Tuesday, April 20, 2010, is a day that will be forever etched in our hearts and minds. On that day, 11 people lost their lives, and we watched an environmental tragedy unfold that profoundly impacted Louisiana and its people. Five years later, we are still feeling the effects of the Deepwater Horizon disaster. These hardships have made us stronger as we continuously work to improve our state.

I am a proud advocate of offshore energy production; it is a crucial part of the “all-of-the-above” energy strategy that I have fought for since I began representing Louisiana’s 1st Congressional District. Through increased offshore production, our energy will be more affordable, our economy will see more jobs created, and Louisiana’s coast will have more funds dedicated to restoration efforts.

Since 2008, I have had the honor of bringing dozens of my House colleagues to the deep waters of the Gulf of Mexico to experience firsthand how energy is produced offshore. Earlier this month, eight members representing districts from the Northeast, West Coast, Midwest and Gulf Coast, as well as political perspectives from both sides of the aisle, joined me for the seventh annual tour, which proves that maximizing our energy potential is a bipartisan issue of national interest.

In order to maximize the benefits from this sector of American energy production, proper safety standards must be in place to protect workers and the environment. Since 2010’s Deepwater Horizon tragedy, the oil and gas industry has advanced standards for safety systems, well integrity, blowout preventers and communication among companies. The industry realized it had a problem and took proactive steps to increase safety standards. All of this took place long before President Barack Obama’s administration introduced new offshore drilling rules just a few days ago. While the administration dragged its feet on proposed new blowout preventer rules, the industry continued to innovate — despite the federal government’s failure to keep pace with these advancements — to better protect against another spill.

One example of the safety culture that now pervades Gulf of Mexico exploration is that each employee on a rig has the ability to shut down the entire operation if they see something unsafe on board, no questions asked. The offshore industry’s swift action to advance safety technology stands in stark contrast to the Obama administration’s harmful moratorium followed by years of inaction.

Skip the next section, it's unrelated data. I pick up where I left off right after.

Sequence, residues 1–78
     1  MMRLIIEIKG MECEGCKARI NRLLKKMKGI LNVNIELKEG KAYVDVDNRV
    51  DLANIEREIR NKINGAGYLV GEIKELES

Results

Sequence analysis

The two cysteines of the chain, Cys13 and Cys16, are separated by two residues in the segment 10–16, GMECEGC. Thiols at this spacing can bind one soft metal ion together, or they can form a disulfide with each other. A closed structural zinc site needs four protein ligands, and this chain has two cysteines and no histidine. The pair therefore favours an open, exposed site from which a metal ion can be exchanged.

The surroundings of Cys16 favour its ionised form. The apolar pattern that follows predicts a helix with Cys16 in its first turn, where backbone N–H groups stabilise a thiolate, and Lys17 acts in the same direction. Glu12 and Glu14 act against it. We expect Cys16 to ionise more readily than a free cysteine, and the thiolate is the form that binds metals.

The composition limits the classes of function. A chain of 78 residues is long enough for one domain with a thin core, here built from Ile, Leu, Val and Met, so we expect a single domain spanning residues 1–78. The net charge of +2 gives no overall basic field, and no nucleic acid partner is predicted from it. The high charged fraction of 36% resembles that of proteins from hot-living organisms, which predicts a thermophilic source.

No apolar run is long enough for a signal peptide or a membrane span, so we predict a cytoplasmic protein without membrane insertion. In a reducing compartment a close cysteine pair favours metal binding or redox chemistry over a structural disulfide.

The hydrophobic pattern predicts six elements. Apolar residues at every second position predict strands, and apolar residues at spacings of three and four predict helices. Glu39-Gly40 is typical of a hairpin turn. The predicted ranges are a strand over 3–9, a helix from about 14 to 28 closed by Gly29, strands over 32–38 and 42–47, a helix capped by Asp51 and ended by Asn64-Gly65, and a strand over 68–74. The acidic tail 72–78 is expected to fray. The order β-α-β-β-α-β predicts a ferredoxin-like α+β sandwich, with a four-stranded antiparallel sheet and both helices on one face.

Equally important as the safety standards on board offshore platforms is the preservation of our wetlands, which are crucial to our flood protection and America’s economy.

Since coming to Congress, I have aggressively taken action to reverse decades of coastal erosion, proudly fighting to make the restoration of Louisiana’s coastline a national priority. I will continue fighting for energy production and coastal restoration as a new member of House leadership.

I was proud to lead the effort in the House to pass the RESTORE Act into law. The dedication of 80 percent of Clean Water Act fines levied on BP to the Gulf Coast is one of the most significant actions taken in Congress to restore our coast in Louisiana’s history, and we must not let these funds be squandered. It is imperative that this money be used for critical coastal restoration projects and not be raided for unrelated purposes.

I have been clear to my colleagues in Congress and in Louisiana that the Clean Water Act fines should not be hijacked for state budget gimmicks in Baton Rouge or for slush fund spending on unrelated projects.

It is my hope that we can use the fifth anniversary of this catastrophe to reflect upon the people of Louisiana who are still struggling from its aftermath, while also highlighting the tremendous strides Louisiana and the Gulf Coast region have made as we fight to protect our culture and our way of life.

U.S. Rep. Steve Scalise represents Louisiana’s 1st Congressional District.